WASHINGTON — Early results trickled in for Tuesday’s closely-watched election in Georgia, the most expensive congressional race ever, with the Republican narrowly leading a contest that Democrats have painted as a referendum on Donald Trump’s scandal-plagued presidency.
The $60-million special election has been a nailbiter between a Democratic novice seeking to score an upset in a conservative stronghold, and an establishment Republican eager to steady the ship in a district that only narrowly backed Trump in last November’s vote.
The special election in the southern state is painted as a referendum on Trump, and the result may presage how his presidency -- for better or worse -- could influence the battle for control of Congress in 2018.
With 99 of 208 precincts fully reporting, Republican Karen Handel was ahead of Democrat Jon Ossoff by 52.58 per cent to 47.42 per cent, according to Georgia secretary of state incoming results. Polls closed at 7:00 pm (2300 GMT).
The race came down to the wire as Ossoff, a 30-year-old filmmaker and onetime political staffer running on a centrist message, and Handel, a former Georgia secretary of state, spent election day seeking to convert as many independent or undecided voters as possible.
Republicans are facing a sobering reminder of their president’s poor approval ratings, which could act as a drag on their efforts to hold not just this congressional seat, but also the 435-member House of Representatives next year.
But early results appear to show Handel has performed better than expected in Democratic-leaning portions of Georgia’s sixth district.
Should Handel win, Trump may well claim some credit for getting her across the finish line. The president recorded a robo-call for her, and tweeted several messages encouraging Republicans to troop to the polls and cast their votes for her.
Handel, Trump tweeted early Tuesday, "will fight for lower taxes, great healthcare strong security -- a hard worker who will never give up! VOTE TODAY."
Ossoff is trying to flip the Atlanta suburbs that Republican Tom Price left to become Trump’s health secretary.
The Democrat won the first round against several candidates in April, but fell just shy of outright victory.
The June 20 runoff quickly became the most expensive House race in history, with the campaigns, political action committees and other outside groups raising nearly $60 million, according to government reform and ethics group Issue One.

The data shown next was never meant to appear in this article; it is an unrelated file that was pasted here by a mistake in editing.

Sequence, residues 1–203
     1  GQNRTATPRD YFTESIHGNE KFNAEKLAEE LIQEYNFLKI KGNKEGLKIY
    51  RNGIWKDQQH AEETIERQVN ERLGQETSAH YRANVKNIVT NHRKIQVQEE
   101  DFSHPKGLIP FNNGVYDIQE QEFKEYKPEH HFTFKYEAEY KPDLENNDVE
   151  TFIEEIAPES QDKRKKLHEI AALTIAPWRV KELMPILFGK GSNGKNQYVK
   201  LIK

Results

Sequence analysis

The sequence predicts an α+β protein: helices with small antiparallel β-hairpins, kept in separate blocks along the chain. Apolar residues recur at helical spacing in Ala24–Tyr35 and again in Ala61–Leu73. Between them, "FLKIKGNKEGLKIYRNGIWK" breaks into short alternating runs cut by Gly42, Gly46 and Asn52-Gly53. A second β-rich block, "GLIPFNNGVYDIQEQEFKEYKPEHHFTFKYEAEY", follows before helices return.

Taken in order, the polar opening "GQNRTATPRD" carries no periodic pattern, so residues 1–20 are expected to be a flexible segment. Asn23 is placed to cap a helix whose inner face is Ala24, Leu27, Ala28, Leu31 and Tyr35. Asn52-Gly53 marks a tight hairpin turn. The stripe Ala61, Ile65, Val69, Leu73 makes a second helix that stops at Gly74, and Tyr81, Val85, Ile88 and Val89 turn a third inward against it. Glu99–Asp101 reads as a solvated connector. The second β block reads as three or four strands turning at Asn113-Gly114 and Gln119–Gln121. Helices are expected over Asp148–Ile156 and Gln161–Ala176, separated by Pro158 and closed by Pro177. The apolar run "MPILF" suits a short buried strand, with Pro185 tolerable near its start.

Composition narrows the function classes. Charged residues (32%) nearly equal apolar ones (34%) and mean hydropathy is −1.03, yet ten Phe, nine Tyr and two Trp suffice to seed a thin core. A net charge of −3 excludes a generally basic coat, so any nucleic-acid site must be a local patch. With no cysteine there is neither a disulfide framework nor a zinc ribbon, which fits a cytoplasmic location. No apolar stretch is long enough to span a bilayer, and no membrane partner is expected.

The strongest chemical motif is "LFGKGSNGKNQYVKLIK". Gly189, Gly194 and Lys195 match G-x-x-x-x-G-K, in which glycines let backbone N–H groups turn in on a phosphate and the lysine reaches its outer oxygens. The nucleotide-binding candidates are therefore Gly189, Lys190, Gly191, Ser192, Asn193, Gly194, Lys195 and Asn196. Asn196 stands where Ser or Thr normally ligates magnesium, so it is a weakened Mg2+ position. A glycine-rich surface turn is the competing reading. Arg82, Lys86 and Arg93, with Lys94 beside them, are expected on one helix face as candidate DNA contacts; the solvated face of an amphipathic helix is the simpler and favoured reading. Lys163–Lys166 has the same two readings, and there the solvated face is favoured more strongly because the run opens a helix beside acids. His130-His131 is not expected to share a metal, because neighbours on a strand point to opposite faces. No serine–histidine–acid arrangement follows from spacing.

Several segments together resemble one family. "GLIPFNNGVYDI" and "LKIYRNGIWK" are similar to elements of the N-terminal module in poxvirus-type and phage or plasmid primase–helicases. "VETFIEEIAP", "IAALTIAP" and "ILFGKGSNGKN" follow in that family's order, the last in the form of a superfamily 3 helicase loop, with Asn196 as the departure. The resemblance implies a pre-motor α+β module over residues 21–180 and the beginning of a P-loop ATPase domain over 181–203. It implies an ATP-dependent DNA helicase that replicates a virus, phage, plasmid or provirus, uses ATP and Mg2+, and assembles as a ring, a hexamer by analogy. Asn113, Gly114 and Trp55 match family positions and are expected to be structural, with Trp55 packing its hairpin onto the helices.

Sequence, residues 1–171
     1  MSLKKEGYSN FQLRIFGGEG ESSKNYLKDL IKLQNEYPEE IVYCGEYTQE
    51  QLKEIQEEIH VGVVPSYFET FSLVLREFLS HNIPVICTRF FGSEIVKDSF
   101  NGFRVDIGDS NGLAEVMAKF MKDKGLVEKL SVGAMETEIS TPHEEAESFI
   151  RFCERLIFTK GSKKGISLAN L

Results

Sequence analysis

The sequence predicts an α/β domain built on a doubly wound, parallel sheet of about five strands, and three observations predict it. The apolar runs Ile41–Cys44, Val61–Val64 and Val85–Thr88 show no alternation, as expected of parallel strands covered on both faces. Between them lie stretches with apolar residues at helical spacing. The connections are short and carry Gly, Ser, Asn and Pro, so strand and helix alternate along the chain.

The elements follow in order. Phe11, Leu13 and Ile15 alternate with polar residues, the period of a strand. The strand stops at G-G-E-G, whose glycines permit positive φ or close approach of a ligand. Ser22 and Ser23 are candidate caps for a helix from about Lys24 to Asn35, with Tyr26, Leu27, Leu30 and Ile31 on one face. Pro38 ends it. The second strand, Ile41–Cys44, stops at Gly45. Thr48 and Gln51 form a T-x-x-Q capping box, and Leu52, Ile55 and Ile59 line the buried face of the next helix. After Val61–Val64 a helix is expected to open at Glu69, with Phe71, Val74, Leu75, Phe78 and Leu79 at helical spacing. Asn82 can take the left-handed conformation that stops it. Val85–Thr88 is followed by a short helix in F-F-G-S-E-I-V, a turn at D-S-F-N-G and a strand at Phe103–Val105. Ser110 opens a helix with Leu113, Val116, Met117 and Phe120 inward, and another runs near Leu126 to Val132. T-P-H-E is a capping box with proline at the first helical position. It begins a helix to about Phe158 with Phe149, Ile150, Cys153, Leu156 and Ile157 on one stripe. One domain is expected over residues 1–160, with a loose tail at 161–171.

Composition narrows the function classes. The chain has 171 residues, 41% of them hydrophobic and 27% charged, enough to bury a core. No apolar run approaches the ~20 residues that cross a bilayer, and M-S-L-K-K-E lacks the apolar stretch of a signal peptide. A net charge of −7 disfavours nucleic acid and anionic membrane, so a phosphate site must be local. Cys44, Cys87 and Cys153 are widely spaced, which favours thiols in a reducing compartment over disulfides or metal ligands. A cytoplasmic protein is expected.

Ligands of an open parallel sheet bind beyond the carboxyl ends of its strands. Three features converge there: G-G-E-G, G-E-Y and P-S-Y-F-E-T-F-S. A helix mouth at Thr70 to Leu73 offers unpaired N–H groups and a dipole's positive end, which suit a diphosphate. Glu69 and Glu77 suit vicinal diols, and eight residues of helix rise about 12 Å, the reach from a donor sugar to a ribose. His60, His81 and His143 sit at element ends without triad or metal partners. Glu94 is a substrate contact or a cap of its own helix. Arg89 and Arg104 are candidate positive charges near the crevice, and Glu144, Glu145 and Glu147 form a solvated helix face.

"Out-of-state money has poured in on both sides. It’s become a little bit of an arms race," Ossoff told CNN.
Handel, her own campaign flooded with outside donations, has kept pace, emphasizing her area roots.
Voters "are not interested in Hollywood, California coming in and buying this seat," she told Fox News.
Republicans have held the seat since 1979. But as an increasingly well-educated, diverse suburban district it is exactly the kind of territory that Democrats need to win if they want to gain the 24 seats necessary to reclaim the House in 2018.
As the two parties duked it out, Trump loomed large over Georgia.
"The Trump phenomenon is extremely dominant in this race," and Handel’s fate is most likely tied to voters’ views of the president, Georgia-based Republican strategist Chip Lake told AFP.
A Handel win could energise Republicans, boosting their efforts with health care and tax reform legislation. Her loss would prompt party-wide handwringing.
"If we’re losing upper middle-class suburban seats in the South, we need to start having discussions immediately on... how in the world are we going to limit the damage in 2018 with Donald Trump as head of our party and president of the United States," Lake added.
Test for anti-Trump camp
In 2012, Republican nominee Mitt Romney won the district by 21 percentage points over president Barack Obama, Lake noted. Four years later, Trump carried it by just 1.4 points.
Handel has aligned herself gingerly with Trump. Vice President Mike Pence attended a fundraiser for her.
Tuesday’s runoff is one of four chances opposition Democrats have had to snatch a House seat since Trump took office.
Special elections in Kansas and Montana -- also to replace Republicans who joined Trump’s team -- were seen as opportunities for Democrats to score first strikes against the administration.
But with Democrats falling short in those races, and Republicans expected to hold a South Carolina congressional seat also up for grabs Tuesday, all eyes have turned to Georgia.
Should Democrats fail to convert at least one of the seats, it could be a demoralising blow for the anti-Trump resistance movement. — AFP